Songwriter Nick Ashford Dies; Had Throat Cancer
By: The Associated Press
August 22, 2011
Nick Ashford, one-half of the legendary Motown songwriting duo Ashford & Simpson that penned elegant, soulful classics for the likes of Diana Ross and Marvin Gaye and funk hits for Chaka Khan and others, died Monday at age 70, his former publicist said.
Ashford, who along with wife Valerie Simpson wrote some of Motown’s biggest hits, died in a New York City hospital, said Liz Rosenberg, who also was Ashford’s longtime friend. He had been suffering from throat cancer and had undergone radiation treatment, she said.
Though they had some of their greatest success at Motown with classics like “Ain’t No Mountain High Enough” and “Reach Out And Touch Somebody’s Hand” by Ross and “You’re All I Need To Get By” by Gaye and Tammi Terrell, Ashford & Simpson also created classics for others, like the anthem “I’m Every Woman” by Khan (and later remade by Whitney Houston).
They also had success writing for themselves: Perhaps the biggest known hit sung by them was the 1980s hit “Solid As A Rock.”
Ashford and Simpson’s relationship stretched more than four decades. They met in 1964 in a New York City church; Ashford, a South Carolina native, had come to the city to pursue a dance career. Simpson was a music student, and after connecting with her, they decided to start to write songs together.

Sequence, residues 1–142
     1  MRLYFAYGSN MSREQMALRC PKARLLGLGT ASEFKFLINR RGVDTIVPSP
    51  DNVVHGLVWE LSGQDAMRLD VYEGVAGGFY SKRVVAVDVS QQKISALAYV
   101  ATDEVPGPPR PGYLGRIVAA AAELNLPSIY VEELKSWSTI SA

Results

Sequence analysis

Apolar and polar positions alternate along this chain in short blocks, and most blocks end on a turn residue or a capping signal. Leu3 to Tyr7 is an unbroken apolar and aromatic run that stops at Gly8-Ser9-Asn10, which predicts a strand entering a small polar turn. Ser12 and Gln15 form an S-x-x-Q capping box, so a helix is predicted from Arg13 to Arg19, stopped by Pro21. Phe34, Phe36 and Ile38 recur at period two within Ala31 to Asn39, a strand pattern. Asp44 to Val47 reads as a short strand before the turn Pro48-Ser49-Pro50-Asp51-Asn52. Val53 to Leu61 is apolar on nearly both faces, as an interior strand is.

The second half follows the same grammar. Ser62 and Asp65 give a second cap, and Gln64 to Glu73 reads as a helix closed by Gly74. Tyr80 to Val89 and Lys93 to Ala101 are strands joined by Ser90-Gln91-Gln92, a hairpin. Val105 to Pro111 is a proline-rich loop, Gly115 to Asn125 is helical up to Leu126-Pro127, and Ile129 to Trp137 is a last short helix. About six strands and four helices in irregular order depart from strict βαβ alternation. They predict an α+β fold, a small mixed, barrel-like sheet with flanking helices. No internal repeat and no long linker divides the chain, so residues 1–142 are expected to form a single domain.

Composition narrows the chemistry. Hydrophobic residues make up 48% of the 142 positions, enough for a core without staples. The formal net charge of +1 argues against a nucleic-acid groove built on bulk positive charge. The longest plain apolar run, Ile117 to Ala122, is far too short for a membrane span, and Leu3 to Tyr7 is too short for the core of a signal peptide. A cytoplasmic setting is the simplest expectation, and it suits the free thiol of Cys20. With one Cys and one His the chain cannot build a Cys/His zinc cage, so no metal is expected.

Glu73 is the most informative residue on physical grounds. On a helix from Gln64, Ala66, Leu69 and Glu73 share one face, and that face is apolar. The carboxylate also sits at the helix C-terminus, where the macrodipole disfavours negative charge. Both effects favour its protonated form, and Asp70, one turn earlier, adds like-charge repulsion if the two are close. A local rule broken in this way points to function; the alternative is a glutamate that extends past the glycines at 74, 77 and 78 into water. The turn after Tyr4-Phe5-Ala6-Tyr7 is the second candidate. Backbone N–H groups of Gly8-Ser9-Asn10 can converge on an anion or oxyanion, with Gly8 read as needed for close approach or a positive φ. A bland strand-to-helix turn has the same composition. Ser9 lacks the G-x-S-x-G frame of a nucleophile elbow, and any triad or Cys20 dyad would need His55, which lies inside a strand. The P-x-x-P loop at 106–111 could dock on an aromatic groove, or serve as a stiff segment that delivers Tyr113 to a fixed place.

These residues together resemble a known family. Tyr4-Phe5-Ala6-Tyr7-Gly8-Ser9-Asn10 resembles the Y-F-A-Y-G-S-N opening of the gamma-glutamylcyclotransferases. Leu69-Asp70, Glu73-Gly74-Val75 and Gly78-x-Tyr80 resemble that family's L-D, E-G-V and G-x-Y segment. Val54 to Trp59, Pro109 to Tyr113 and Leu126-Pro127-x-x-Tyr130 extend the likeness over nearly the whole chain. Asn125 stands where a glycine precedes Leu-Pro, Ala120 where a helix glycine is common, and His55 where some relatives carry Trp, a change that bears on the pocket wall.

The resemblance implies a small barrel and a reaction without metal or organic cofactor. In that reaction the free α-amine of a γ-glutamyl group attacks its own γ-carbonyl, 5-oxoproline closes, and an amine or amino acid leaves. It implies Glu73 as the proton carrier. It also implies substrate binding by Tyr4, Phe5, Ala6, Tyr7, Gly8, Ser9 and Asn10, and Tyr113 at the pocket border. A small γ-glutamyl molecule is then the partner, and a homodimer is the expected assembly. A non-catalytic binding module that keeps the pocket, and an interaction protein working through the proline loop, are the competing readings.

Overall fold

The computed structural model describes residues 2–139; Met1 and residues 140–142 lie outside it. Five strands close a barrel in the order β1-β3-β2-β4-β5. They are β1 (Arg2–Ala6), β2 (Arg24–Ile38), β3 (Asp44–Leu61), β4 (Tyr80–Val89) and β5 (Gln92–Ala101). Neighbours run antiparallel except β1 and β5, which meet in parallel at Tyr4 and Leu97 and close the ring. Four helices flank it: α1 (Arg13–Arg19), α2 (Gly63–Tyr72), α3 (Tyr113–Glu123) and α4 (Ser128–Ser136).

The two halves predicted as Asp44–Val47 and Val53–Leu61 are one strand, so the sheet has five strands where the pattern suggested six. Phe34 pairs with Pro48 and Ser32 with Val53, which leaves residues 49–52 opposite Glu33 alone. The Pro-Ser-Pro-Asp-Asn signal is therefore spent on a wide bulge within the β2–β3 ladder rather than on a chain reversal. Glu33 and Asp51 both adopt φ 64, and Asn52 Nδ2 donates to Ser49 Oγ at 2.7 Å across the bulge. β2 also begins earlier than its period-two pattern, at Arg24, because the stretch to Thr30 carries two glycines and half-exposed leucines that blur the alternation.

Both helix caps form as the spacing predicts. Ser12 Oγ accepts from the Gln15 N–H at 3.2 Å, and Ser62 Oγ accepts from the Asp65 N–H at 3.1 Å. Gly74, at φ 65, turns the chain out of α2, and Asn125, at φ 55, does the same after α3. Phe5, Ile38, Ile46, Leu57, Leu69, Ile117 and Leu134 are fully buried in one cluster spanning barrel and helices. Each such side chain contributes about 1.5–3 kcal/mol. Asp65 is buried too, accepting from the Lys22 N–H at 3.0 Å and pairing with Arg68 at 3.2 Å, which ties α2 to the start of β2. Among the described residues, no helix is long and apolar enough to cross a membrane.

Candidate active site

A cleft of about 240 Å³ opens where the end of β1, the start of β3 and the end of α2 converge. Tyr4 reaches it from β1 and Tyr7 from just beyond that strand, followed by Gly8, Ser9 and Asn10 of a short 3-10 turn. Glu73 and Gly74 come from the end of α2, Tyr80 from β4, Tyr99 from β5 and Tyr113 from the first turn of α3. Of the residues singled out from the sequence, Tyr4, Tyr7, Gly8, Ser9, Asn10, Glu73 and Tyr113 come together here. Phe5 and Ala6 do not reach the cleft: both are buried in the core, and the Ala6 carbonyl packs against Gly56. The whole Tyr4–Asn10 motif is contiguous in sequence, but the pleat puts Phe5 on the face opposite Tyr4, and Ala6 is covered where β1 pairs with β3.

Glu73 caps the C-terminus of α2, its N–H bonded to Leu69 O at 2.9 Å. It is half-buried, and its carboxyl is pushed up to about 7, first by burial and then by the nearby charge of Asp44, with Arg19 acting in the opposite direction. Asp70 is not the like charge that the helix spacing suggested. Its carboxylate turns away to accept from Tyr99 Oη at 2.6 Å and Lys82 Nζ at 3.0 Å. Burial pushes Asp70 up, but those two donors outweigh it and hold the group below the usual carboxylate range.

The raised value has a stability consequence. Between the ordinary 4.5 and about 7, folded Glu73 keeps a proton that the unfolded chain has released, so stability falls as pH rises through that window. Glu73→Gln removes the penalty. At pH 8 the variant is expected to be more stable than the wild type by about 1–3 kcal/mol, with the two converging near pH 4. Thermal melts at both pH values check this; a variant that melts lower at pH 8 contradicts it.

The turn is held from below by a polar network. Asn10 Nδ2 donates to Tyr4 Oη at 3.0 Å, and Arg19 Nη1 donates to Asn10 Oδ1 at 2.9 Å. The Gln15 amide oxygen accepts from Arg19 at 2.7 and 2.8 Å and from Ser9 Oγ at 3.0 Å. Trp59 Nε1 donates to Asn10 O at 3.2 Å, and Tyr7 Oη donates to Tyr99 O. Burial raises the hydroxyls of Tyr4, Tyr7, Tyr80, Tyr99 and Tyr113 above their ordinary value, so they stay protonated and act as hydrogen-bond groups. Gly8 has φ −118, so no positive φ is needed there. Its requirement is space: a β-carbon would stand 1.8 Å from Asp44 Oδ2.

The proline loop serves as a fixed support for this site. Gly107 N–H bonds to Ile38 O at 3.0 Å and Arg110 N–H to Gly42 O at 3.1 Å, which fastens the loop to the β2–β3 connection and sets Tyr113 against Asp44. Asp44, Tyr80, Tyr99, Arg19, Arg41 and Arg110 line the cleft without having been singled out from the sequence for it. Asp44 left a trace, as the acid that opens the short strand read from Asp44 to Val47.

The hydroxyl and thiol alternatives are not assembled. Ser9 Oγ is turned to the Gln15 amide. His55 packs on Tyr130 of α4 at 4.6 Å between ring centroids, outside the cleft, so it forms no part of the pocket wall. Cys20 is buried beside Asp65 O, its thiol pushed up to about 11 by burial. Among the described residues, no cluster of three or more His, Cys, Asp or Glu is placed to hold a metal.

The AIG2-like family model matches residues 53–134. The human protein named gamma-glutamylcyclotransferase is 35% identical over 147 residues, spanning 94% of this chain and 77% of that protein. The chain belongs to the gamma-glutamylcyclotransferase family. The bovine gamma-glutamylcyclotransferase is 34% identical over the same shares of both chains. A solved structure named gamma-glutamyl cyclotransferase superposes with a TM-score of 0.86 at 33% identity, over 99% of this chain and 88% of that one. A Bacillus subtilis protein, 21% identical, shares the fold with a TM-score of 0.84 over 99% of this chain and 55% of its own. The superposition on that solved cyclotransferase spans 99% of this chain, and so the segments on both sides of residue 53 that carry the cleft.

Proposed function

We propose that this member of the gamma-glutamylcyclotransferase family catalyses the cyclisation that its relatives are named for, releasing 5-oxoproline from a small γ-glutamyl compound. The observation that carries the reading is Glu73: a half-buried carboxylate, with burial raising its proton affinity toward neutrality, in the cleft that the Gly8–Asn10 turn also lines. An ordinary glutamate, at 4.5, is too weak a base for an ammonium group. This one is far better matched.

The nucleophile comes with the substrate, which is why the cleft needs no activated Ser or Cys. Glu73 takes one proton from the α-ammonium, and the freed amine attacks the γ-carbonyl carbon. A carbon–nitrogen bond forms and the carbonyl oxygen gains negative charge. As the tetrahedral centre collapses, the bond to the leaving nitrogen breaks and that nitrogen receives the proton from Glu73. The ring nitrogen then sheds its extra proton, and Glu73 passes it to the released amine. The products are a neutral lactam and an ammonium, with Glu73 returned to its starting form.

Their first major success occurred when they came up with “Let’s Go Get Stoned” for Ray Charles. That song became a huge hit, and soon, they came to the attention of Motown Records and began penning hits for their artists. The started out writing for Gaye and Terrell; in fact, “Ain’t No Mountain High Enough” was originally their hit, until Ross later rerecorded it and made it her signature song.
The duo, who were married for 38 years, helped sell millions of records for several artists. They also had success as their own entity, but despite “Solid As a Rock,” their hits dwarfed those that they penned for others.
In recent years, the pair continued to perform. They also were owners of the New York City restaurant Sugar Bar, where many top names and emerging talents would put on showcases.
Ashford is survived by his wife and two daughters.